Sunday, November 5, 2017

Shut your piehole and stop snoring -- a.k.a. why mouth-taping may be the key to better sleep and better health

"Don't get me wrong. He's a nice guy. I like him just fine. But he's a mouth breather."
--The Jesus Lizard ("Mouth Breather")

You've probably been told that it's much better to breathe through your nose than your mouth. But why? Aesthetics? Well, yeah, but that's not why.

Nitric oxide! A large chunk of your body's production of nitric oxide is triggered by nasal breathing. You inhale into the parasinuses, and nitric oxide is produced there through a chemical reaction (the details of which are waaaaay beyond my pay scale, but see more about it here). Mouth breathing doesn't just produce less nitric oxide than nasal breathing. It produces none.

Why should you care? Because proper levels of nitric oxide are critical to a whole host of metabolic processes: digestion, testosterone production, blood-pressure control, better sleep, better brain function, and the like.

So let's assume that you've got the nasal-breathing thing going pretty well when you are wide awake. Yer sizable maw isn't agape on a regular basis.

But then you lie down to go to sleep....

And your mouth drops open like you have a rock attached to your lower jaw.

You start snoring.

Your significant other starts complaining.

But it's not so bad that you ever head for a CPAP machine.

"I could breathe through my nose just fine when I sleep, if my mouth didn't immediately open when I nod off," you say to your health-conscious bad self. You might even say that to the person that's complaining about your snoring.

Let's examine these facts for a moment:

1. You are only snoring when your mouth is open.
2. If your mouth were not open, you would not snore.
3. If you were breathing through your nose, you would be getting seven to nine hours of additional nitric-oxide production.
4. If you were breathing through your nose, your main squeeze would stop considering asking you to sleep in another room.
5. Seriously, dude, you need to shut your mouth while you are sleeping. Better blood pressure. Better health in all regards. Better everything.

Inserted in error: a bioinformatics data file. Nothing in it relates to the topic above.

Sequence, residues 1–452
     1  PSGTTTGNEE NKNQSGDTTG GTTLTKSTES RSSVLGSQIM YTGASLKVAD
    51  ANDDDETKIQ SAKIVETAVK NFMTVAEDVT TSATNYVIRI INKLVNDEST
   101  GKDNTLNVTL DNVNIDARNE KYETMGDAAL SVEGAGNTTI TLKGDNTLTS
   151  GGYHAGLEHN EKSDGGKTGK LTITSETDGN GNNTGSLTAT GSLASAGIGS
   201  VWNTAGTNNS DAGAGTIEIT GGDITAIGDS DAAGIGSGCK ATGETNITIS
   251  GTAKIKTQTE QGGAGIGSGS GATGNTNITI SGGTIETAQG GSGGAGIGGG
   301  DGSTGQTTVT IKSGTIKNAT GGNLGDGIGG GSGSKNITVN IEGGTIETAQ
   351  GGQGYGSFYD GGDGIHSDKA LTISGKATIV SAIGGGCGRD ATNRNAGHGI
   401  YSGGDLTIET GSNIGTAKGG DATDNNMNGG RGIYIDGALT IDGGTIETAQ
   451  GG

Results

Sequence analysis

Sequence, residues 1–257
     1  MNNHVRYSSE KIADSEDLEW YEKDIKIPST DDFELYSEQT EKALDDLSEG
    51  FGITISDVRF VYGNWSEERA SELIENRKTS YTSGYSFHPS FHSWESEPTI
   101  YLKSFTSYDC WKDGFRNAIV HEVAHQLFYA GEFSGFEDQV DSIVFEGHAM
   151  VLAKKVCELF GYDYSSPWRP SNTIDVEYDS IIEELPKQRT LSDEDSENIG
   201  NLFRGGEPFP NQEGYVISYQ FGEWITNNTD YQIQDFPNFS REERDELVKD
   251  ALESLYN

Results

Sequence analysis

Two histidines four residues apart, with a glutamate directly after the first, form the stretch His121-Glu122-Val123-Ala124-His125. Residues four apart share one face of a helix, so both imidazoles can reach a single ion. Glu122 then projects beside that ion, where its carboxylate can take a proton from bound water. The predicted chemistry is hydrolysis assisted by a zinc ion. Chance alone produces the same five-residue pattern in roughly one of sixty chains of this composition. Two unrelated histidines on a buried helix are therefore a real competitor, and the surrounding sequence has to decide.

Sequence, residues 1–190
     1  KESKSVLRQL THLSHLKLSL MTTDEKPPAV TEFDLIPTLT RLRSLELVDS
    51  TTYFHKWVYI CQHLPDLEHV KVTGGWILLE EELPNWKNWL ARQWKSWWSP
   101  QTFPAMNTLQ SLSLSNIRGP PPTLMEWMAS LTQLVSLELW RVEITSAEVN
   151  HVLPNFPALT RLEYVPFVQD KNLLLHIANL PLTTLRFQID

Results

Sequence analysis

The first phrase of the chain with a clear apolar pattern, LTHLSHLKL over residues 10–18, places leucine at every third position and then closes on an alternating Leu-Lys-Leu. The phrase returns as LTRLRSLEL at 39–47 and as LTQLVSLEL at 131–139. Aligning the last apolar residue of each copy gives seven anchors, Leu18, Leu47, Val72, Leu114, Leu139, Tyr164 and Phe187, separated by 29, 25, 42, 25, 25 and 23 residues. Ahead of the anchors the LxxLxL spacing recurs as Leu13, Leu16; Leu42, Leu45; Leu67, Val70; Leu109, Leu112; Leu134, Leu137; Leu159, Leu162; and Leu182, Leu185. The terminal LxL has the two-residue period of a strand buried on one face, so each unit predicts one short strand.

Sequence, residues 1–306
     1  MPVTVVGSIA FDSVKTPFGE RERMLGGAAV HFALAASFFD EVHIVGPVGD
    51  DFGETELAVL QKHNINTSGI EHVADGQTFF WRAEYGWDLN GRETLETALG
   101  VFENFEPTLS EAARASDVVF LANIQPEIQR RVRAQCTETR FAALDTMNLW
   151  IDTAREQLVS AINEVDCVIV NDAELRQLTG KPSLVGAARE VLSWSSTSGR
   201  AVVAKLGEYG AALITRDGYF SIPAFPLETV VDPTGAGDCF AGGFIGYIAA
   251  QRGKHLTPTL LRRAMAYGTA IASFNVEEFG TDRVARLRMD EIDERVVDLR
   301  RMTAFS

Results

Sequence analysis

If only there were a way to close that thing up and force you to breathe through your nose.

There is: tape it shut.

I'm dead serious.

It's not my idea. If you were to Google this (admittedly odd) practice, you'd find all sorts of people have given it a shot. You'd find there are a variety of specially-made tapes to do the job.

There's a reason for that second part. The first time I tried mouth-taping, I slept like a rock, breathed through my nose all night, and my wife complimented me on my snoreless slumber. I also woke up with gross adhesive all over my mouth. That's because I used duct tape.

Pro tip: Don't use duct tape.

Second pro tip: Don't use painter's tape either. (I did this too for you, so you don't have to).

Buy an actual brand of sleep tape made to do the job without leaving you feeling like you've been huffing adhesive all night. (Seriously, that can't be good for you, can it?). I use this one. But Google the phrase "sleep tape" and a bunch of products come up for your perusal.

The verdict: IT'S INCREDIBLE!! Really.

I'm not snoring at all (says my wife, and she'd know). I am waking up a lot better rested.

Those two benefits alone are spectacular.

And yeah, it's a little weird at first.

Now, let's take a small time-out to say that if you actually have been diagnosed with sleep apnea, or you can't breathe through your nose because of a deviated septum or from a round or two in the ring with the world champ, or whatever, then check this whole mouth-taping "fix" out with your doc first, but I can't find anything negative about it on the web -- other than comments about its weirdness. Indeed, it seems to me that it could be a seriously cheap fix to a whole lot of bedrooms that are noisy for all the wrong reasons.

I love it. My wife loves it. That's all that matters here.

Your mileage may vary, and you'll hate this idea. Or, it may not, and I may have just changed your life. It's your call whether you decide to find out.